Heinze, S., Ludwig, B., Piepho, H.-p., Mikutta, R., Don, A., Wordell-Dietrich, P., Helfrich, M., Hertel, D., Leuschner, C., Kirfel, K., Kandeler, E., Preusser, S., Guggenberger, G., Leinemann, T., and Marschner, B.: Factors controlling the variability of organic matter in the top- and subsoil of a sandy Dystric Cambisol under beech forest, Geoderma, 311, 37–44,, 2018. a

Hicks Pries, C. E., Castanha, C., Porras, R. C., and Torn, M. S.: The whole-soil carbon flux in response to warming, Science, 355, 1420–1423,, 2017. a, b, c

Högberg, P., Nordgren, A., Buchmann, N., Taylor, A. F. S., Ekblad, A., Högberg, M. N., Nyberg, G., Ottosson-Löfvenius, M., and Read, D. J.: Large-scale forest girdling shows that current photosynthesis drives soil respiration, Nature, 411, 789–792,, 2001. a

IUSS Working Group WRB: World reference base for soil resources 2014, Update 2015, International soil classification system for naming soils and creating legends for soil maps, FAO, available at:, last access: 30 November 2015. a

Jassal, R., Black, A., Novak, M., Morgenstern, K., Nesic, Z., and Gaumont-Guay, D.: Relationship between soil CO2 concentrations and forest-floor CO2 effluxes, Agr. Forest Meteorol., 130, 176–192,, 2005. a, b, c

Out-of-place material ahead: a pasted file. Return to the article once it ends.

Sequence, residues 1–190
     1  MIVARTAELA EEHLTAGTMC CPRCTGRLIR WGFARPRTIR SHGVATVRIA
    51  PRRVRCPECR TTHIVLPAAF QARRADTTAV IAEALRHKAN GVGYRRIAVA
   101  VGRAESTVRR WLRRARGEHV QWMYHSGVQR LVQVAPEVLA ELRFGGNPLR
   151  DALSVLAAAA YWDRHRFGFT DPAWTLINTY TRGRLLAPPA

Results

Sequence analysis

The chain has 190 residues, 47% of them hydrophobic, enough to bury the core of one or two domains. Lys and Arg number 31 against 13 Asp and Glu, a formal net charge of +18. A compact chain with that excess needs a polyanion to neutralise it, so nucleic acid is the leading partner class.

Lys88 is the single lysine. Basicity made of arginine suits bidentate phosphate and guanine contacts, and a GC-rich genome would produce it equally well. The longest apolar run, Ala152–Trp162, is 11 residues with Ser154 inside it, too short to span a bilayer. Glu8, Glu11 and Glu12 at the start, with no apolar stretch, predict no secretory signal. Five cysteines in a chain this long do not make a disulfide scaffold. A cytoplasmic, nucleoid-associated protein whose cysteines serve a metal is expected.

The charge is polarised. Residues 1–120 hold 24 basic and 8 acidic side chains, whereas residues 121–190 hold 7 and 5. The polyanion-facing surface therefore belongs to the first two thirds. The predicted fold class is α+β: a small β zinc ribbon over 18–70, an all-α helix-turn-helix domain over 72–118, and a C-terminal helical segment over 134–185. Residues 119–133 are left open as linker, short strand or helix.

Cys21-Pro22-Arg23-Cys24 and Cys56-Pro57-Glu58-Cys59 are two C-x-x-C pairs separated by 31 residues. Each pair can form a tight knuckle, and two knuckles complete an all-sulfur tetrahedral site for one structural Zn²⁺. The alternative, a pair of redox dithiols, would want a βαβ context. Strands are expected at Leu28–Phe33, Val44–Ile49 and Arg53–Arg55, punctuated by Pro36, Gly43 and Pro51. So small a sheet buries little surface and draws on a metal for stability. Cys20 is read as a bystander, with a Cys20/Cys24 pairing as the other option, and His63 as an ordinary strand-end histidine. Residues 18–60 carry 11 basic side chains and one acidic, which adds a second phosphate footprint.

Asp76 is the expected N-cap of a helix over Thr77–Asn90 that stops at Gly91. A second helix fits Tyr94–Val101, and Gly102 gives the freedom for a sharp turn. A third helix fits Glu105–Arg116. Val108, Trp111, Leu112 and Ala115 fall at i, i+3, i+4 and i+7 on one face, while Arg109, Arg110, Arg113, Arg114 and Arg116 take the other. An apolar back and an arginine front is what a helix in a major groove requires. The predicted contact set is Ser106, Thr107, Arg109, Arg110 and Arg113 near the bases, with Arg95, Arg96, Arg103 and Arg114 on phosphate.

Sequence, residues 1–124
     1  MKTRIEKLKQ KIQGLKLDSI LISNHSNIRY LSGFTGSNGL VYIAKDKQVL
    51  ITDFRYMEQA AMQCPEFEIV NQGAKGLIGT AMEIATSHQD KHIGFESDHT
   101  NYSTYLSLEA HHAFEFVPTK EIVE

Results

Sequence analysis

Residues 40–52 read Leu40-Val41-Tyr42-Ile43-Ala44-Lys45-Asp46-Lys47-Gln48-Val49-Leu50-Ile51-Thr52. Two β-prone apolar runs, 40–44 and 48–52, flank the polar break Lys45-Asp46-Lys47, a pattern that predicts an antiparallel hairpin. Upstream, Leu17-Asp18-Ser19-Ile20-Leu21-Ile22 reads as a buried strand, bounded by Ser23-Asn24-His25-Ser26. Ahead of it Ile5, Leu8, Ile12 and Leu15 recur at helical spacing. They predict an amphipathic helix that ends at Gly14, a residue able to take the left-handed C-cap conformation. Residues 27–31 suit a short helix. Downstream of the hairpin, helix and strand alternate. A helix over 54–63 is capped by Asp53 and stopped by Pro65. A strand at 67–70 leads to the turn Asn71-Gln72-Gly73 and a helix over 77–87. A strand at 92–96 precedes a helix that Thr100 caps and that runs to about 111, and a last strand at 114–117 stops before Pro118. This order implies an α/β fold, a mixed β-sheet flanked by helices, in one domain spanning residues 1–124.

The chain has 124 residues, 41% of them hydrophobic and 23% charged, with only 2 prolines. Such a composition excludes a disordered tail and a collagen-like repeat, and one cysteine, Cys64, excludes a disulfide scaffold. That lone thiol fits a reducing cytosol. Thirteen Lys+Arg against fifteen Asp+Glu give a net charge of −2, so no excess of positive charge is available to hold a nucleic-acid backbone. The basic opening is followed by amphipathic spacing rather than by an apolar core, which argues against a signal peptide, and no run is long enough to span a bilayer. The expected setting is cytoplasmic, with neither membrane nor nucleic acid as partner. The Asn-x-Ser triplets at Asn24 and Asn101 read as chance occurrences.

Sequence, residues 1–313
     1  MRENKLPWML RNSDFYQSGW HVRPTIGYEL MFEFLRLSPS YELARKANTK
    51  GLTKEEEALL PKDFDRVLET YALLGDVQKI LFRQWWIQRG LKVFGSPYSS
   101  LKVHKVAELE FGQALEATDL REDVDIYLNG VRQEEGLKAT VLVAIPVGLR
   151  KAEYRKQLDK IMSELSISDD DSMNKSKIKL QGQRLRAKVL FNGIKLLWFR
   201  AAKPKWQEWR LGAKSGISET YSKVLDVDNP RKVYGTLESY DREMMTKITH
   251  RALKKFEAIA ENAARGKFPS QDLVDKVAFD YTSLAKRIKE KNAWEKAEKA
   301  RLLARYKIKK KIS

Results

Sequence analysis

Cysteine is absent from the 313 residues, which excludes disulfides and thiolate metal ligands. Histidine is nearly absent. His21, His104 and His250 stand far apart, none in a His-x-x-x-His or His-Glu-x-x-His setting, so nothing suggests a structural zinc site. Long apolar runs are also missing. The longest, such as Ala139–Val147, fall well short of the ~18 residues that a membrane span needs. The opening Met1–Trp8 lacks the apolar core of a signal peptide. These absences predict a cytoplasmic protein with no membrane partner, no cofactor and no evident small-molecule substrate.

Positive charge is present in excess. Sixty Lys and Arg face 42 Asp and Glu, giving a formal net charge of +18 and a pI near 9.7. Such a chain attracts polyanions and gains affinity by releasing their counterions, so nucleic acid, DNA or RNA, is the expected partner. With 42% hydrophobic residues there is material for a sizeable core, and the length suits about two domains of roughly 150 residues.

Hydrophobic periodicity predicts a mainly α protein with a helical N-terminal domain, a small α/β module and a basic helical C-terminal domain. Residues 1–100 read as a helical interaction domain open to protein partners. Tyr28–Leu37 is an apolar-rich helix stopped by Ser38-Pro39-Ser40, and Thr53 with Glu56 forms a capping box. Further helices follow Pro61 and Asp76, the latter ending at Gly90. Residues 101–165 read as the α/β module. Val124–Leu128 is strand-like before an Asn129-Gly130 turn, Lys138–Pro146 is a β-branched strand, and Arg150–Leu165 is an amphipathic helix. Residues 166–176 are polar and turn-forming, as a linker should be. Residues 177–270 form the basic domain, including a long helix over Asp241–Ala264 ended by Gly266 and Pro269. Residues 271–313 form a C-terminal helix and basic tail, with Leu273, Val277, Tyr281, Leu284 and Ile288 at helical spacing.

Jobbágy, E. and Jackson, R.: The vertical distribution of soil organic carbon and its relation to climate and vegetation, Ecol. Appl., 10, 423–436, 2000. a

Jones, H. G.: Plants and microclimate :a quantitative approach to environmental plant physiology, Cambridge University Press, 2nd Edn., 1994. a

Kim, H., Hirano, T., Koike, T., and Urano, S.: Contribution of litter CO2 production to total soil respiration in two different deciduous forests, Phyton-Ann. Rei Bot. A, 45, 385–388, 2005. a

Leinemann, T., Mikutta, R., Kalbitz, K., Schaarschmidt, F., and Guggenberger, G.: Small scale variability of vertical water and dissolved organic matter fluxes in sandy Cambisol subsoils as revealed by segmented suction plates, Biogeochemistry, 131, 1–15,, 2016. a, b, c, d

Liang, N., Nakadai, T., Hirano, T., Qu, L., Koike, T., Fujinuma, Y., and Inoue, G.: In situ comparison of four approaches to estimating soil CO2 efflux in a northern larch (Larix kaempferi Sarg.) forest, Agr. Forest Meteorol., 123, 97–117,, 2004. a

Lloyd, J. and Taylor, J. A.: On the Temperature Dependence of Soil Respiration, Funct. Ecol., 8, 315–323,, 1994. a